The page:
In June 2005, the Indian Navy gave 150 tonnes of warship components and other accessories worth USD 10 million to the Vietnam People’s Navy. In September 2014, India extended a USD 100 million defence line of credit to Vietnam because of which in September the same year, Larsen & Toubro (L&T) signed the principal contract with the Vietnam Border Guard valued at USD 99.7 million for design and construction of high-speed patrol vessels in India as well as for transfer of design and production technology, along with the supply of equipment and material kits for construction of seven follow-on vessels at a Vietnam-based shipyard.

Constructed from aluminium alloy, each of the vessels are about 35 metres long and can clock a speed of 35 knots with a state-of-the-art navigation and surveillance equipment and self-defence capabilities on board. The design and engineering of these vessels were undertaken at L&T’s dedicated Warship Design Centre, with the vessels being built at the company’s Kattupalli Shipyard, off Chennai. The first of five such boats was delivered by L&T in September 2020.


Asian Market

India began supplying major military hardware to Myanmar starting 2013 when the MoD-owned DPSU Bharat Electronics Ltd (BEL) began supplying licence-built RAWL-02 MK IIAP/N-112110340676 airspace surveillance radars (whose OEM is THALES Nederland), HUMSA-NG sonar suites and ALWT warship-launched lightweight torpedoes built by DPSU Bharat Dynamics Ltd (BDL) for the Myanmar Navy’s six Aung Zeya-class guided-missile frigates.

Half of India’s arms exports during the 2017-21 period went to Myanmar. The BEL also exported electro-optic systems, radar video extractor receivers, VHF communications systems, graphics processors, workstation hardware, server storage, and batteries to Myanmar. This placed India as the third largest arms supplier to Myanmar for the five years, accounting for 17 per cent of its imports, after China (36 per cent) and Russia (27 per cent) along with Serbia and North Korea. Sri Lanka and Armenia (that ordered four Swathi weapon locating radars from the BEL) accounted for 25 per cent and 11 per cent of India’s arms exports during the half decade 2017-21.

India’s latest target for exporting military hardware is Bangladesh. Marking some progress on the delayed implementation of a USD 500 million military line of credit extended by India back in 2018, Dhaka recently shared a wish-list of military platforms and systems that its armed forces would like to procure from India. This includes a diverse range of equipment, including a floating dock, and logistics ship and oil tanker for the Bangladesh Navy, among others.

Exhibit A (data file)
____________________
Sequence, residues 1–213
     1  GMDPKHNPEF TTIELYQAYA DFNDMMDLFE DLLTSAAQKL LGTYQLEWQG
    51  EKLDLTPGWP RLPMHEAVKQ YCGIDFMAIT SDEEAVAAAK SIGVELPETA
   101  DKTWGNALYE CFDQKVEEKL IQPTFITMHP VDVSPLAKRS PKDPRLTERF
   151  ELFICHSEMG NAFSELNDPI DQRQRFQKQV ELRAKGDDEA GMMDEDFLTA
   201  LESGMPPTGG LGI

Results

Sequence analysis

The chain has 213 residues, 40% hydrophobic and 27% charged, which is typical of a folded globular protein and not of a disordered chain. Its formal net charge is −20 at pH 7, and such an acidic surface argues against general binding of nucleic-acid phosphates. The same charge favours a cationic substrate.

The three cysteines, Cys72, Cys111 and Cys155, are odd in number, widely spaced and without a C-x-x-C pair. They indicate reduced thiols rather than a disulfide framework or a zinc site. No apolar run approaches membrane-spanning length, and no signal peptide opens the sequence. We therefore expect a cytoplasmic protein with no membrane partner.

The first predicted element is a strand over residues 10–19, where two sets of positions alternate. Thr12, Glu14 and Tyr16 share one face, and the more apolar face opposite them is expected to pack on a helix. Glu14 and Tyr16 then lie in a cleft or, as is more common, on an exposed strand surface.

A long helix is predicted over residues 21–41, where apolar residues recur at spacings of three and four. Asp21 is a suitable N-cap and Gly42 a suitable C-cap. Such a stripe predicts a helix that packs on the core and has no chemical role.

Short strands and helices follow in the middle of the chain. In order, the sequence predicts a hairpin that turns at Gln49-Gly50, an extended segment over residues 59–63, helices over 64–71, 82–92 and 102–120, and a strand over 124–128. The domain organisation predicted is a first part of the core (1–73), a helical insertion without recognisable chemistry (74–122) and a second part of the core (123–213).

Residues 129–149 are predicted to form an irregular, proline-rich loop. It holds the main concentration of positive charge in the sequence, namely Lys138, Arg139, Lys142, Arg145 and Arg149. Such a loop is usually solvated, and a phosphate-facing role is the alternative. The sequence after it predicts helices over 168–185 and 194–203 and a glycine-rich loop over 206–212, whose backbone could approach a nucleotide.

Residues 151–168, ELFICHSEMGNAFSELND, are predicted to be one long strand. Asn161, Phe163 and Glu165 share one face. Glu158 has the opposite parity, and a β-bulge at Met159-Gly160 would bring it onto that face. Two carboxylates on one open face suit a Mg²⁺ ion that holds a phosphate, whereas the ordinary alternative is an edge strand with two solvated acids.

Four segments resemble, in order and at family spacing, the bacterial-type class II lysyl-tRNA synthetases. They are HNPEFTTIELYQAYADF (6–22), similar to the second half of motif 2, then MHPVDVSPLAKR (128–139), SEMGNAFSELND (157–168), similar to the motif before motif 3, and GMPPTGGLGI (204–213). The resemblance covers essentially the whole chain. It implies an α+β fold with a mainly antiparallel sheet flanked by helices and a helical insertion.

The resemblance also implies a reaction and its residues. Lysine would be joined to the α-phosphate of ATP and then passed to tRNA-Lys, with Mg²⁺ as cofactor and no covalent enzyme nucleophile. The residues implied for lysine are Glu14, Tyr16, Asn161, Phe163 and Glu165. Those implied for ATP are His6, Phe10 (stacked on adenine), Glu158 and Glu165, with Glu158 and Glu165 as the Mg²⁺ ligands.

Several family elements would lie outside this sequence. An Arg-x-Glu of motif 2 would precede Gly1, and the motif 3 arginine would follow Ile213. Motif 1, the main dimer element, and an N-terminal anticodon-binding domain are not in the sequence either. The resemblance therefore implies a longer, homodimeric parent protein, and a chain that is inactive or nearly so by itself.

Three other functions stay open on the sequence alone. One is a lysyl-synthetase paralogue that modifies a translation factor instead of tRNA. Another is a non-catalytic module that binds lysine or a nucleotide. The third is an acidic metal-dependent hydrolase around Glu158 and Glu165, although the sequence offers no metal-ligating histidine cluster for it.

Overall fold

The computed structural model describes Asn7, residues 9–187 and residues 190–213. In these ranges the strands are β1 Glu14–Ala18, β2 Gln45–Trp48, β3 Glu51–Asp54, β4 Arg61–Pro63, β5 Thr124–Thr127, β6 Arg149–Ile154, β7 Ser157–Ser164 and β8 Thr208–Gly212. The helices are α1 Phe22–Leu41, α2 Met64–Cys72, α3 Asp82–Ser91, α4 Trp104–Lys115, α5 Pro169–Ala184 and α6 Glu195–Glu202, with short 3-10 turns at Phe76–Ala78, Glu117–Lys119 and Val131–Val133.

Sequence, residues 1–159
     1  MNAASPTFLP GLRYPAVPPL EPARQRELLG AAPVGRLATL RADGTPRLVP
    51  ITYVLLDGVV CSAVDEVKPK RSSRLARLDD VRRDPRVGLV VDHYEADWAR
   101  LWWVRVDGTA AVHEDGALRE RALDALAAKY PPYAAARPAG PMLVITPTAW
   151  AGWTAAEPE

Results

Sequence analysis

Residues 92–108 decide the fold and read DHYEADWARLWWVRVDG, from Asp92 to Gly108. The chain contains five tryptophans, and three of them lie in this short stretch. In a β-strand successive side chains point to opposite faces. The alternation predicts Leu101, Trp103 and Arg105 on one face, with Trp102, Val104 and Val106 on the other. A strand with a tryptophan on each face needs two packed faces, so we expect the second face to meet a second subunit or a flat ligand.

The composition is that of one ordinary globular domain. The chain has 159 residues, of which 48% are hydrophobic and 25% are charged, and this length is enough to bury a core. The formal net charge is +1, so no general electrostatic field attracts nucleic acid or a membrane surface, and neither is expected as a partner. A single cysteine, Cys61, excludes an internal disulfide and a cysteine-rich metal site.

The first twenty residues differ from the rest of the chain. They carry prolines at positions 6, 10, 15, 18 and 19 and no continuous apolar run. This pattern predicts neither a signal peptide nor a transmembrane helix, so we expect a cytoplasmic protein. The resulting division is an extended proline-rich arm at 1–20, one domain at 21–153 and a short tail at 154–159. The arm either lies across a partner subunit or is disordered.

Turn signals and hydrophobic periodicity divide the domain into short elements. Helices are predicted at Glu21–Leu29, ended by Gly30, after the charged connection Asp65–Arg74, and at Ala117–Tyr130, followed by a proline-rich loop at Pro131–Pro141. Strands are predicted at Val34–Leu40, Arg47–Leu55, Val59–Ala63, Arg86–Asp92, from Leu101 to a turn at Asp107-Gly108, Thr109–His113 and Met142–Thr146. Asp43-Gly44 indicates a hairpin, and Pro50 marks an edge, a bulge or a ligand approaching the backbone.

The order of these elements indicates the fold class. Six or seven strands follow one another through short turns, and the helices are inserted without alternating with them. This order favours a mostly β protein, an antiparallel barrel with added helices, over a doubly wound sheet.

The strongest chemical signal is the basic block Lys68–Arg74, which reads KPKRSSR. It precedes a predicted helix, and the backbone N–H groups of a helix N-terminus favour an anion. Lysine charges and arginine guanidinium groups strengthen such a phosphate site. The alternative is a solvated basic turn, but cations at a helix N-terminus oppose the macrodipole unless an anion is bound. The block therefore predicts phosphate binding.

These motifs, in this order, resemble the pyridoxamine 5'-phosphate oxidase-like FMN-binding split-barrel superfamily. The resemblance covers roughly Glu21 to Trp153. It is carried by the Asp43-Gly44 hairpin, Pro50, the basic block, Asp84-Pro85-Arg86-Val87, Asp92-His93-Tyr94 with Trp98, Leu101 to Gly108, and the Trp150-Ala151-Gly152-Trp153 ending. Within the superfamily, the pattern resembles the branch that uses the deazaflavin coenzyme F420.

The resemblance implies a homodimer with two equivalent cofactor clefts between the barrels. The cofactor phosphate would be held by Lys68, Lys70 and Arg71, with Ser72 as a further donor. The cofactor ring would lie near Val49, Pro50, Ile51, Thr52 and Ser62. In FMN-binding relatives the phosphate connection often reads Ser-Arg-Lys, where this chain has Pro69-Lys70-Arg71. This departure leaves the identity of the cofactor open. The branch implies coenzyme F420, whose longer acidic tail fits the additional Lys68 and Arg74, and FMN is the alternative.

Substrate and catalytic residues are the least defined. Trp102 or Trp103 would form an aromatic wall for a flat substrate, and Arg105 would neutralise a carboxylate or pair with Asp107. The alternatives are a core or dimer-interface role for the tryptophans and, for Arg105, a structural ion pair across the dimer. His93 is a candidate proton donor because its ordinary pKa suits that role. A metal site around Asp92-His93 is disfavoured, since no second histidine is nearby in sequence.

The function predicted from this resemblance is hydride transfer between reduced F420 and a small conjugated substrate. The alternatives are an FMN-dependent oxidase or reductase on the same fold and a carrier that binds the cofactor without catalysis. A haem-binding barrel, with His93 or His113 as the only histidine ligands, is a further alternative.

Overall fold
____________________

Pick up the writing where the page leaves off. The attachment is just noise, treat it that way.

Bangladesh is modernising its armed forces, inducting new weapons and improving infrastructure in line with its ‘Forces Goal 2030.’ The Indian line of credit is for utilisation by April 2029. Though progress has been slow, many types of equipment are under various stages of consideration. The Bangladesh Army has approved the procurement of three items, so far—five BLT-72 bridge-layer tanks at a cost of approximately USD 10 million, seven portable steel bridges (Bailey) at a cost of around USD 2.2 million and 11 wheeled mine-protected vehicles from the Tata Group at an approximate cost of USD 2.2 million.

Other items proposed to be procured by the Bangladesh Army are Mahindra XUV-500 off-road vehicles, door hard-top vehicles from Mahindra at an approximate cost of USD 2.35 million, heavy recovery vehicles, armoured engineer reconnaissance vehicles and bullet-proof helmets. Other proposals include the modernisation and extension of an existing automobile assembling unit for a Bangladesh machine-tools factory, which is a proposal from Shapoorji Pallonji Co Pvt Ltd, two types of explosives at a cost of over Rs 4 crore, 21 types of raw materials at a cost of around Rs 3 crore and 10 types of tools at a cost of Rs 6.6 crore.

ALWT Warship- Launched Lightweight Torpedo; Akash Army Launcher

India is keen to offer field artillery howitzers, mortars, multi-barrel rocket launchers and anti-armour missiles, support vehicles, electronic and engineering equipment, coastal surveillance and riverine vessel traffic monitoring radars, helicopters, military rakes and shipbuilding services. In addition, Bangladesh has been offered India’s expertise in sea, riverine and airport infrastructure development. Last August, the two countries held the 4th India-Bangladesh annual defence dialogue and tri-service staff talks during which the implementation of the line of credit was reviewed by both sides and there was also significant focus on military-industrial cooperation and capability-building. In May 2018, the GRSE had signed a memorandum of understanding with Bangladesh’s Khulna Shipyard Ltd to provide assistance and know-how in the design and construction of warships like the indigenously designed and developed anti-submarine warfare shallow-water craft (ASW-SWC). Presently, Bangladesh’s biggest supplier of military hardware is China, followed by Italy.


Future Challenges